OPINION: It’s been an exciting year for human evolution with several discoveries dramatically rewriting major episodes of our ancient past.
What’s interested me the most has been the discovery of archaic humans living in northern China until perhaps 70,000 years ago and the oldest anatomically modern humans in the region appearing at least 80,000 years ago.
This is because they fall squarely within my own area of research: human evolution over the past few hundred thousand years in East Asia and Australasia.
Unlike anything else
In 2012, we announced the discovery of the ‘Red Deer Cave people’ in Southwest China, a mysterious human group we identified from cranial and jaw bones and teeth from two cave sites located in Southwest China.
Today, a team I co-lead with Professor Ji Xueping of the Yunnan Institute of Cultural Relics and Archaeology, and involving colleagues from a range of institutions in China and Australia, announced the discovery of yet another highly unusual bone from the Red Deer Cave people. And it seems to confirm they were a mysterious group of pre-modern humans.
Our previous work showed that the features of their bones and teeth possess a remarkable number of similarities to archaic humans. This is despite them having lived only between about 14,000 and 11,000 years ago from radiocarbon dating of charcoal.
Their anatomy was nothing like we’d seen before in modern humans, whether they lived 200,000 or 200 years ago: they were truly unique and a real mystery to us and many of our colleagues.
We suggested they could represent either a very early modern human population, perhaps one that settled the region more than 100,000 years ago and became isolated. Or, they could be a late surviving archaic species, akin to a population of Neanderthals surviving in isolation until the end of the Ice Age in Southwest China.
Some of our colleagues also proposed at the time that they might be hybrids between modern humans and an unknown archaic species as an explanation for their peculiar traits.
We had focused our work on the skulls and teeth, representing four or five individuals, thinking they would offer the best insights into just who these mysterious people might be.
But, alas, we were left with considerable uncertainty. There was no clear answer about which species they might belong to or whether they could be hybrids. So back to work we went.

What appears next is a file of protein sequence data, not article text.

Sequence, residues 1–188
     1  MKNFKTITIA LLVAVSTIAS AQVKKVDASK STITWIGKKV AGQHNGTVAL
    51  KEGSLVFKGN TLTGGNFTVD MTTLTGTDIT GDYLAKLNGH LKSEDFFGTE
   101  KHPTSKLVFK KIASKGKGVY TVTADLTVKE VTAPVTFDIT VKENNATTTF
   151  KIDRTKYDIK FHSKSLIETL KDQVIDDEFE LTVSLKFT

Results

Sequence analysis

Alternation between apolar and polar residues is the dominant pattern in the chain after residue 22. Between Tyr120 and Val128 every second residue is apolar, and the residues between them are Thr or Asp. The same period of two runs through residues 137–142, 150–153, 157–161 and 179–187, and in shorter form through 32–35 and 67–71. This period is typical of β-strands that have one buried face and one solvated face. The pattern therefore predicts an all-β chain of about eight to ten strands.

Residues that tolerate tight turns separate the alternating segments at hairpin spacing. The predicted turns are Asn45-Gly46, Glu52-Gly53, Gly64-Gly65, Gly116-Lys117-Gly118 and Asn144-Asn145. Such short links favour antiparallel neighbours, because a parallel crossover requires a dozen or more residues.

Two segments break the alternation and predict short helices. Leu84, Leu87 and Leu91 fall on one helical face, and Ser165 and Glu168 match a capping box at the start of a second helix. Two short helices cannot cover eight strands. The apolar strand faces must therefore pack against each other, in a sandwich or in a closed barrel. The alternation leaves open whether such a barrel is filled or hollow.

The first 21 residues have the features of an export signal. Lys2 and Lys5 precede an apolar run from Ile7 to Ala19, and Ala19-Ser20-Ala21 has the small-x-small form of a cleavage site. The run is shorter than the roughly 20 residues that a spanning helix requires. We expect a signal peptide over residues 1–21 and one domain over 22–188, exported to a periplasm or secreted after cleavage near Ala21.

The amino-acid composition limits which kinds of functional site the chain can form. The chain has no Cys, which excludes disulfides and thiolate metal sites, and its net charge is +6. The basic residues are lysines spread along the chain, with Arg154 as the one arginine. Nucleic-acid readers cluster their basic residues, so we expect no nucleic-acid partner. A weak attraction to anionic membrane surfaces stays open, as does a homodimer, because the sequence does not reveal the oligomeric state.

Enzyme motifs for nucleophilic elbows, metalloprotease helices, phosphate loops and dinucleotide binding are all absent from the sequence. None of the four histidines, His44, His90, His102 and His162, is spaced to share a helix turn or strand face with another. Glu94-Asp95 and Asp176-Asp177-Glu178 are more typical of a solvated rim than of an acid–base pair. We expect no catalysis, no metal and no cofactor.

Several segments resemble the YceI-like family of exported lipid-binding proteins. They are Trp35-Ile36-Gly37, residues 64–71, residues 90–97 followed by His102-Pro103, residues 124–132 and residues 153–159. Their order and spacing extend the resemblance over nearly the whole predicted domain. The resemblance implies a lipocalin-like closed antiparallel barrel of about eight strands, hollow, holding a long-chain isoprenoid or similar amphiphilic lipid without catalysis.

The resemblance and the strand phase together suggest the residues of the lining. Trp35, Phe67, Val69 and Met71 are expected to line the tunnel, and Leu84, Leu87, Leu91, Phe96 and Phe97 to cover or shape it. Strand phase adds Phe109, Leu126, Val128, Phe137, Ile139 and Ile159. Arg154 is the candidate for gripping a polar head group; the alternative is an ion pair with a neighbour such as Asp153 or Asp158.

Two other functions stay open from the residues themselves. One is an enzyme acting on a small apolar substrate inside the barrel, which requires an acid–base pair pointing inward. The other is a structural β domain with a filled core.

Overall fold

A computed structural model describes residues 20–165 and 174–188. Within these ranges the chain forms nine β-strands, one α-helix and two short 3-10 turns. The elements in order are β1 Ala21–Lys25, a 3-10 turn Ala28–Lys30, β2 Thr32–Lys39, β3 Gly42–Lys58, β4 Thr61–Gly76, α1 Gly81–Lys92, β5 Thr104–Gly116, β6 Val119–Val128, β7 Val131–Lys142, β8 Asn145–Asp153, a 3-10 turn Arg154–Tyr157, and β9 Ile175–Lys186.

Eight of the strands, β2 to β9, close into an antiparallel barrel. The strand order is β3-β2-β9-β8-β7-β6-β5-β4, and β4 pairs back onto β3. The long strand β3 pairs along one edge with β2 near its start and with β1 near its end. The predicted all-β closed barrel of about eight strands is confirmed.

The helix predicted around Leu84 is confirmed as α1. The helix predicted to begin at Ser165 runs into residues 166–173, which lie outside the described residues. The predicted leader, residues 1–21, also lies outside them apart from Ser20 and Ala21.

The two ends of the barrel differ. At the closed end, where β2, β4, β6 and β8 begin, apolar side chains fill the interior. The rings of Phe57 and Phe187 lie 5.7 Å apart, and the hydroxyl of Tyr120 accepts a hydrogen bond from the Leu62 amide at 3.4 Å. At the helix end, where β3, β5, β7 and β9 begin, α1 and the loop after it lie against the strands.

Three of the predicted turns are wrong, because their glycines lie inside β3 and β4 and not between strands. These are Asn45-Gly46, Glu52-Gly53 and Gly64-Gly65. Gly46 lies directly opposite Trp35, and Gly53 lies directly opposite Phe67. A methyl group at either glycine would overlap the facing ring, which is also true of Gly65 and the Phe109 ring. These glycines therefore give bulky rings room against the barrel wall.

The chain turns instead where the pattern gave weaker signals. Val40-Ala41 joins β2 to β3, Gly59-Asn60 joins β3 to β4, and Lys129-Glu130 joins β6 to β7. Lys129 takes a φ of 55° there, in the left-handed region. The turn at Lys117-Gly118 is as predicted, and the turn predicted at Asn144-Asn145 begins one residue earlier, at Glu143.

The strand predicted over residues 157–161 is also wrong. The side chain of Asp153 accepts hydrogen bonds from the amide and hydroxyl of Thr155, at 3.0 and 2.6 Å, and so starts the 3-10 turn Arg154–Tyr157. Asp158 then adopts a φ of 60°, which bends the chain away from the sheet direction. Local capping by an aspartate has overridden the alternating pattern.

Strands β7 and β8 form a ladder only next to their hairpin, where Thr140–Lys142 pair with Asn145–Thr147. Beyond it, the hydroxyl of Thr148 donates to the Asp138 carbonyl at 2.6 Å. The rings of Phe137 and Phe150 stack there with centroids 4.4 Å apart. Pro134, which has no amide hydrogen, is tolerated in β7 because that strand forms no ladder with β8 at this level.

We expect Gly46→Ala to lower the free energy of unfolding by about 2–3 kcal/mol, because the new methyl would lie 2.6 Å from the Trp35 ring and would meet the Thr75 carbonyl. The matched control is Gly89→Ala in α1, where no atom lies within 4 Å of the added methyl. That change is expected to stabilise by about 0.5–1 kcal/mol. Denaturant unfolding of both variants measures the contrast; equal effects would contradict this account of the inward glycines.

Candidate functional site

Archaic or hybrid?
A couple of months ago we published a new study of the Longlin or Laomaocao Cave specimen, which we had also placed in the Red Deer Cave people in 2012.
We’re now treating it as part of a separate group, distinct from the bones from Red Deer Cave, or Maludong, and one that we now think is indeed very likely to be a hybrid. And direct dating on human bone now confirms that the specimen is only 10,500 years old.
If we’re correct, then either there were archaic humans still around at that time in Southwest China who interbred with modern humans, or their hybrid features persisted longer after interbreeding occurred because of isolation and perhaps through the action of natural selection or genetic drift.
Our study published this week outlines detailed work on a thigh bone or femur from Maludong, located only 6km Southwest of the city of Mengzi, near the Northern Vietnam border.
Like the skull bones from the site, it is also dated to about 14,000 years old. But unlike them, it provides a much clearer indication of what at least some of the Red Deer Cave people bones might be.
Our work shows that the thigh bone strongly resembles very ancient species like early Homo erectus or Homo habilis, which lived around 1.5 million years ago or more in Africa.
Like these pre-modern humans, the Maludong femur is very small. The shaft is narrow, with the outer layer of the shaft (or cortex) very thin, the walls of the shaft are reinforced (or buttressed) in areas of high strain, the femur neck is long, and the place of muscle attachment for the primary flexor muscle of the hip (the lesser trochanter) is very large and faces strongly backwards.